The Kentucky Derby, normally the first race of the Triple Crown, will be on September 5, 2020 instead of the instead of the traditional first Saturday in May. Attendance will be less than 14% of total capacity from event record, maximum of 40% of seated capacity. There will be no General Admission this year and the infield will be closed.
Guests are encouraged to wager online. The potential the Kentucky Derby 2020 contenders sorted by the number of points earned during the Road to Kentucky Derby prep races and help with understanding the Odds for the race can be found at Kentucky Derby odds.
Churchill Downs officials announced a 62-page operations plan that will limit attendance for the Sept. 5 Kentucky Derby to fewer than 23,000 guests. Upon entry to the Derby, guests must have his or her temperature checked, a medical screening, are required to physically distance, and face coverings are mandated.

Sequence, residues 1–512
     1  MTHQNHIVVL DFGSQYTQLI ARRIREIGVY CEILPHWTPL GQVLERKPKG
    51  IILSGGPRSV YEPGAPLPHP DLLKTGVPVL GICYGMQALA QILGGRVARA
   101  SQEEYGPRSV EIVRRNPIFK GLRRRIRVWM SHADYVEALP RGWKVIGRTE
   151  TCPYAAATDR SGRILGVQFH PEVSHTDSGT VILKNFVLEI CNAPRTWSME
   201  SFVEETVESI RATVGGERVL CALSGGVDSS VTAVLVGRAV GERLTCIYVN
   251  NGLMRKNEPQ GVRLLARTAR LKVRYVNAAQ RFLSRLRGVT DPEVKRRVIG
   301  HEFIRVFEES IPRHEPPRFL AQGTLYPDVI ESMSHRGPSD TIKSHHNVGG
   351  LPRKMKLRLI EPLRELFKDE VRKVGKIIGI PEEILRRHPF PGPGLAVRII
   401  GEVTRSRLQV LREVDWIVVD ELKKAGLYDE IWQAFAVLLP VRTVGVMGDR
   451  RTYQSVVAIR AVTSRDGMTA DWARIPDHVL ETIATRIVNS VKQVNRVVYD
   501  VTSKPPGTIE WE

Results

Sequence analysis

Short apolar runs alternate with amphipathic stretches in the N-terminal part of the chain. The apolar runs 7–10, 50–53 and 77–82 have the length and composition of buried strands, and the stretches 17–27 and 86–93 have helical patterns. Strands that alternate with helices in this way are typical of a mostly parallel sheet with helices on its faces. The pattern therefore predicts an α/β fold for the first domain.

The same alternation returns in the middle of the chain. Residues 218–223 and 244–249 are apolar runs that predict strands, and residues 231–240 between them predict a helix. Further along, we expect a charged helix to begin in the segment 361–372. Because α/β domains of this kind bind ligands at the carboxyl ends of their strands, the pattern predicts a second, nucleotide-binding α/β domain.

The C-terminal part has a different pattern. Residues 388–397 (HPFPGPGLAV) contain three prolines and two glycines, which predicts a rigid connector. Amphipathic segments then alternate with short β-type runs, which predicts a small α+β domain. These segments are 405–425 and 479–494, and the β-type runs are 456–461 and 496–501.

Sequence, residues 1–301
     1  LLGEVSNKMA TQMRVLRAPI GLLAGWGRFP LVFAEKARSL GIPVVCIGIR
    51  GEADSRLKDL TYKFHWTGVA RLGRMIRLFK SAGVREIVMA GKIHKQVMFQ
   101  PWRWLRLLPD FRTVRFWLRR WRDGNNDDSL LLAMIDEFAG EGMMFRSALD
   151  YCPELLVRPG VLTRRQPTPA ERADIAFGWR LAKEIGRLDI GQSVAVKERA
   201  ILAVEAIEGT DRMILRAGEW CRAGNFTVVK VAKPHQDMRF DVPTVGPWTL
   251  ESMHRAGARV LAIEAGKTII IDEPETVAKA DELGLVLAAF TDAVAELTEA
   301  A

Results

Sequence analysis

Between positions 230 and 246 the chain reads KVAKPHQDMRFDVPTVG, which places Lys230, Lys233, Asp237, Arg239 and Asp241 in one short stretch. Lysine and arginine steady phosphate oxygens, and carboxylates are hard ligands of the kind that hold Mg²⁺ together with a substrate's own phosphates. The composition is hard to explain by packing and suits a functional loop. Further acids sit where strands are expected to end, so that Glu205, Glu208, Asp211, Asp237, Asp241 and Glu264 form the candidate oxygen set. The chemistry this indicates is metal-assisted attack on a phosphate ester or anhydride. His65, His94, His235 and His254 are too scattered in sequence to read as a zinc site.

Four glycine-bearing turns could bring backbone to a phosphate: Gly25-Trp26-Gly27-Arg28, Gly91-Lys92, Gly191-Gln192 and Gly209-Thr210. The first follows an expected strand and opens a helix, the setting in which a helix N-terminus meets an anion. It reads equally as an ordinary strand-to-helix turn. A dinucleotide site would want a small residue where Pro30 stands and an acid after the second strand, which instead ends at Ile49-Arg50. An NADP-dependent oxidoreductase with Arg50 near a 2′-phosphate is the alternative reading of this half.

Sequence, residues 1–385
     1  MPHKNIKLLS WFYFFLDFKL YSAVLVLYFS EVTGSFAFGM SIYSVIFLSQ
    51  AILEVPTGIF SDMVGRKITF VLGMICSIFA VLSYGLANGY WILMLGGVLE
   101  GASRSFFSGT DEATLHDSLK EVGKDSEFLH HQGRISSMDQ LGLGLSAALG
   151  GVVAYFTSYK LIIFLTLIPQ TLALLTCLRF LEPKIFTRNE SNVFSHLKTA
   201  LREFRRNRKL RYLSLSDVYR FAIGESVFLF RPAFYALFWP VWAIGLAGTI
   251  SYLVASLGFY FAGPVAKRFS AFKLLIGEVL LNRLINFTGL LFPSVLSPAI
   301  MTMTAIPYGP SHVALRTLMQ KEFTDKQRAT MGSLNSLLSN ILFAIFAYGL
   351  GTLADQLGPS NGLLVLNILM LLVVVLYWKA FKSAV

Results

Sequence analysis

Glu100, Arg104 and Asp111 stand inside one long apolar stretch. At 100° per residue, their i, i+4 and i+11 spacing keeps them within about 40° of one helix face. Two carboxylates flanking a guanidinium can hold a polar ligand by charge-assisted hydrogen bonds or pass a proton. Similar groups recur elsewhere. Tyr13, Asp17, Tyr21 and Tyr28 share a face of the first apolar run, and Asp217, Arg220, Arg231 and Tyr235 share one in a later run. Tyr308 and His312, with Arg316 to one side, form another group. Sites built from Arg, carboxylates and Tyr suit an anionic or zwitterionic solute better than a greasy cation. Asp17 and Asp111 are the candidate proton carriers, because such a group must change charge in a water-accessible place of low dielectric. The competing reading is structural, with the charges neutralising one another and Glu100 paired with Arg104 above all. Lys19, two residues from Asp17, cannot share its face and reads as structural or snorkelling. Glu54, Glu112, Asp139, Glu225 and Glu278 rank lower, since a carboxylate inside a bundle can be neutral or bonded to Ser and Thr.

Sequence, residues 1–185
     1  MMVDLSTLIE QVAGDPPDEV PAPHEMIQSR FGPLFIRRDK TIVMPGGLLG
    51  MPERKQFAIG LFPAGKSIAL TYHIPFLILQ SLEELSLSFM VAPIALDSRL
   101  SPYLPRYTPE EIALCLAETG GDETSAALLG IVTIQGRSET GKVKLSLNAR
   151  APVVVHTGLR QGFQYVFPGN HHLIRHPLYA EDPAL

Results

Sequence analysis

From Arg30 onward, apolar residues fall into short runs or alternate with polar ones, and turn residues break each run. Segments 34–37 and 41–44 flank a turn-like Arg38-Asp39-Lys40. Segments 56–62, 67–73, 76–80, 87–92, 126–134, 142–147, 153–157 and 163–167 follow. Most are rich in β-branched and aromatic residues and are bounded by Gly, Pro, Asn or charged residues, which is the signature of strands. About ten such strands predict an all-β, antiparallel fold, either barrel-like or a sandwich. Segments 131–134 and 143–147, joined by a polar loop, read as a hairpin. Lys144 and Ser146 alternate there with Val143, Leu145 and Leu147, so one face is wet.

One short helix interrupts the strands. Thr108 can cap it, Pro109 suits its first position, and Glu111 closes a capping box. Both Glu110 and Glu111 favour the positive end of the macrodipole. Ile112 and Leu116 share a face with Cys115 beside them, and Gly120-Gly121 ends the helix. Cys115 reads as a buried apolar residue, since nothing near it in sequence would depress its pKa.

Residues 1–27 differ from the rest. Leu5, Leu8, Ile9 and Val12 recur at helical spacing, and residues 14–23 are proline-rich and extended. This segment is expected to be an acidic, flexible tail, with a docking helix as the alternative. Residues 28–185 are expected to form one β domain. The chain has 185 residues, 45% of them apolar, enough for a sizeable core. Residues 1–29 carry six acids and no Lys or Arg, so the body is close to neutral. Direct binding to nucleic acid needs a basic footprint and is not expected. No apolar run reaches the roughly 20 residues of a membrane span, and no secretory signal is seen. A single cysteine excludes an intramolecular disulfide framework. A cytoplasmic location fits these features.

To reduce crowding, select Kentucky Derby Week activities have been eliminated including autograph signings, concerts in the Plaza, fashion contests, Taste of Derby, the Survivors Parade, and the Red Carpet.
Dawn at the Downs, the annual event to dine while observing morning workouts, has been moved to Monday, Aug. 31, and will be limited to guests with reserved seats; there will be no free general admission.
Reserved seating will be limited to a maximum of 40% occupancy. Also, Standing Room Only or “Walk Around” tickets have been eliminated. All outdoor ticket holders will be reseated in a new comparable location either prior to or during the event to provide for maximum distancing.
Each guest will receive a courtesy “Healthy at the Track” bag, which will include a disposable mask, a pocket-sized hand sanitizer, and a personal stylus for non-contact self-service wagering.
This plan will allow Churchill Downs to safely and responsibly host Kentucky Derby Week (Tuesday, Sept. 1 through Saturday, Sept. 5) with a limited number of spectators. The protocols will be in effect for all five days of the Sept. 1-5 racing meet at Churchill Downs.